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THE DOUGLAS BREEZE?
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CENTS A YEAR
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• Fashion Magazine now be
fore the American public. It shows
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in Embroidery, in Cooking, in
Woman’s Work and in Reading;
beautifully illustrated in colors and
in black and whits. Above all, it
shows the very fashionable Hew torn.
Styles, made from New Idea Pat
terns, which cost only lOc. each.
Send Five Cents To-day
for a single copy of the New Idea Woman’s
Magazine, and see what great value
tor the money it can give you. :: :: ::
THE NEW IDEA PUBLISHING QO.
636 Broadway, New York, N. Y.
i DOUGLAS SUPPLY CO. §
gg *. Successor to W. O. Paxson, gg
‘gg Carry.a full line Family and Farm Supplies,
Dry Goods, Clothing, Shoes, Hats, Etc.,
h Nothing old and Stale, if
I! Fl/PPllf hlnn sell,atid S3
© biu! yDltllly t° sell goods thes|s
|| prices must be right. f§| |§| fyf
Let ns know your wants we do the rest.
H Douglas Supply Cos., 8
Eg Batik Building, North Side. Jg
Eg. Douglas, Ga. gg
Paints, Oil, Glass, Brick,
rial llWdl j), Lime, Cement, Etc.
Planet Jr., VI
thfe best on I v
Plows and xgER
its of -JuL J ,
' dis- , 4
tt* Call and examine our stock.
j * Gfl.
Petition for Charter.
GEORGIA —Ooii'ee County.
I To the Superior Court of said county:
The petition of E. L. Campbell anil F. "i,.
•Sweat, of said state and county and (’. M.
Sweat, of the state of Florida, shows to
the c mrt, the following:
1. Thr t they desire for themselves, their
associates, successors and assigns, to be
incorporated under the name and style of
the Chariton Brick Company.
:1 The term for which petitioners ask to
be incorporated is twenty years with the
privilege of renewal at the end of that
3. The capital stock of said corporation
is to be #5,000 with the privilege of increas
ing said capital stock to #50,000 upon a ma
jority of tin vote of the stockholders: said
capital stock to be divided into shares of
the par value of One Hundred Dollars each,
SI,OOO of said capital has been paid in.
I. The principal object of the proposed
corporation is pecuniary profit to its stock
holders, and petitioners proposes to carry
on the business of manufacturing and sell
ing brick of any and all kinds, and to this
end desire the right and power to have
and hold real estate, or purchase clay priv
ileges ; to sue and be sued, to take and give
mortgages and notes with conveyances
as the interest of the business may require,
i to buy. sell and hold any and all'property
either real or personal, and to do and trans
act any and all business necessary for the
purpose of their incorporation, not incon
sistentor contrary to the laws of said state.
3. The principal office and place of busi
ness of said corporation shall be in (he city
of Douglas, Coffee County , with the right
DOUGLAS, GA.. SATURDAY JULY 19th., 190?.
to carry on their business and institute
plans in any other County in said state.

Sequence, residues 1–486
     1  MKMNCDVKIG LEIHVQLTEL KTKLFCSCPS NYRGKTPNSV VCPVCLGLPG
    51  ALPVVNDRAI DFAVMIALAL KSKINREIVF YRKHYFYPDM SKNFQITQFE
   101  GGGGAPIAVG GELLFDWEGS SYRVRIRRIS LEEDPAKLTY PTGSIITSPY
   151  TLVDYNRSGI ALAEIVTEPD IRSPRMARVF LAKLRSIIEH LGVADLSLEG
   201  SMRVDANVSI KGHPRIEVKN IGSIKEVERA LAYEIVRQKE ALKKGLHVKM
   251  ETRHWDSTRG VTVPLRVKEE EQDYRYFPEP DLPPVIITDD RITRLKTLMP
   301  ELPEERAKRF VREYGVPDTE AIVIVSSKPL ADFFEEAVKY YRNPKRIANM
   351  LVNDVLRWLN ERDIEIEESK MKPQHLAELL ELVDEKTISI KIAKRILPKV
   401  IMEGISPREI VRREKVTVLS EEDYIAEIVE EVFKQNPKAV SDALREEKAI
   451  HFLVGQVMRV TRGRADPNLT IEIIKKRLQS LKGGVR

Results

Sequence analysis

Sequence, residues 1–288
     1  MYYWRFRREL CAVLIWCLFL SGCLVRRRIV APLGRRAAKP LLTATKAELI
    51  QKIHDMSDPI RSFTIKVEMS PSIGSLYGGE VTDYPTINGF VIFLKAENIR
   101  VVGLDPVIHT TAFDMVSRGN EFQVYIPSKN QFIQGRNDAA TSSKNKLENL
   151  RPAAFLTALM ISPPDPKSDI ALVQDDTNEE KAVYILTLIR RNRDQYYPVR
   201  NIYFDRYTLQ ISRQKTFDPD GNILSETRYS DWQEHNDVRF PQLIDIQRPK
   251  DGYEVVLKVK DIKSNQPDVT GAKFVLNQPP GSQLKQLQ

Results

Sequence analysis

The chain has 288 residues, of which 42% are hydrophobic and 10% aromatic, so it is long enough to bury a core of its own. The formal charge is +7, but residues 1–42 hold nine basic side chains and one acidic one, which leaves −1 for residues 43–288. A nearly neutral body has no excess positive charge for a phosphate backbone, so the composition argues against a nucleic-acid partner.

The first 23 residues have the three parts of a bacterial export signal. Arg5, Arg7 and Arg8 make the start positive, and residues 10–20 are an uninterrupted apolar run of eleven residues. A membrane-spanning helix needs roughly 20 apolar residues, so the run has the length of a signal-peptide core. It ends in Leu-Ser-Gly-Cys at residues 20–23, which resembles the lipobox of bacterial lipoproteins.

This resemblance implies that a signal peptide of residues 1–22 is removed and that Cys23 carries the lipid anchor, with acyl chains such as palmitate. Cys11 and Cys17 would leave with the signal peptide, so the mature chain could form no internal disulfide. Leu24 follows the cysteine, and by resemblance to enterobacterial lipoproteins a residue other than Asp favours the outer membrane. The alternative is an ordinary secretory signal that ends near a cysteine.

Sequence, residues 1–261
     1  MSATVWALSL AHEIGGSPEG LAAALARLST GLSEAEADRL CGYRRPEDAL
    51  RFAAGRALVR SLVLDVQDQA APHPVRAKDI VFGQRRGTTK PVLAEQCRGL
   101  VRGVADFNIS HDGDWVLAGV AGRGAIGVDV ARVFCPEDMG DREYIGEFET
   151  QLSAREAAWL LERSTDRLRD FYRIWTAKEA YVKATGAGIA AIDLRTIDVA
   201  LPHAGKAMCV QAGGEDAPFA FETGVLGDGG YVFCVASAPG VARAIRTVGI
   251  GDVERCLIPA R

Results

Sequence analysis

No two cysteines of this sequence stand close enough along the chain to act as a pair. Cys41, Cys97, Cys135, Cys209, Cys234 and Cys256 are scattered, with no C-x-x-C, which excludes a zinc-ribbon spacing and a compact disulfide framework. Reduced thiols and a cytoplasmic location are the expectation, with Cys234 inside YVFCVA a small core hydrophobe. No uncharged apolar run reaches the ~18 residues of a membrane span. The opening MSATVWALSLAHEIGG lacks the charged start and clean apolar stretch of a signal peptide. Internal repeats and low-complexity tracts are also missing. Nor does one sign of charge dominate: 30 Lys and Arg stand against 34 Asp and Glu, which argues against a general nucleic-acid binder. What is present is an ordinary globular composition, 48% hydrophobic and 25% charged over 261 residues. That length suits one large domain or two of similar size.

(>. Wherefore petitioners pray to be made
a body corporate under the name and style
aforesaid, entitled to the rights, privileges
and immunities and subject to the liabil
ities fixed by law®, This Juiv Ist. 1002.
(\ T. ROAN.
Attorney for Petitioners.
(I KO R(i 1 A —Coffee County.
I, 1). W. Gaskin Clerk of the Superior
Court of Coffee county do certify that the
above and foregoing is a true copy of the
original Petition forChurthcr of the Charl
ton Brick Company as the same now ap
pears of file this in office.
Witness mv hand and official signature.
This July Ist, ISO 2.
D. W. GABKTN,
Happy Homes. Musicial Homes.
There may be many happy homes
in the county, and we know there
are, but the home where a good
singer with a splendid organ or
piano *s in the family, everything
seems brighter, happier and to be
enjoying life. Nearly every house
that the singer and \Vliilden. the
music man, Tanner Hotel block,
has the instruments. He sells them,
too, and he sells them cheap and
Democratic Mass Meeting
! Met in the court house at Doug
| las on Monday July 7th 1902.
I Judge F. Willis Dart being absent
meeting was called to order by
| Prof. Melvin Tanner, Secretary of
I the Executive Committee. Nomin
ations for temporary chairman were
then called for and Mr. T. li. Mar
shall was nominated and elected.
Mr. Marshall after taking the
chair, called for nominations for
temporary secretary, and \V. C.
Lankford was then nominated and
elected, it m tlien nfljved and
carried to make the temporary
officers permanent for the meeting.
Moved and carried that the Chair
appoint a committee composed of
one person from each District, to
retire and suggest names for anew
Executive Committee. The follow
ing committee was selected-by the'
McDonald—B. F. Griffis,
Tanner—M elv in Tanti er,
Wooten—Wiley Byrd, Jr,
Phillips Mill—J. J. Jowers,
Douglas—Frank Sweat. 1
f. The following resolutions were
Resolved, by the Democracy of
Coffee county in mass-meeting as
sembled, that we endorse the plat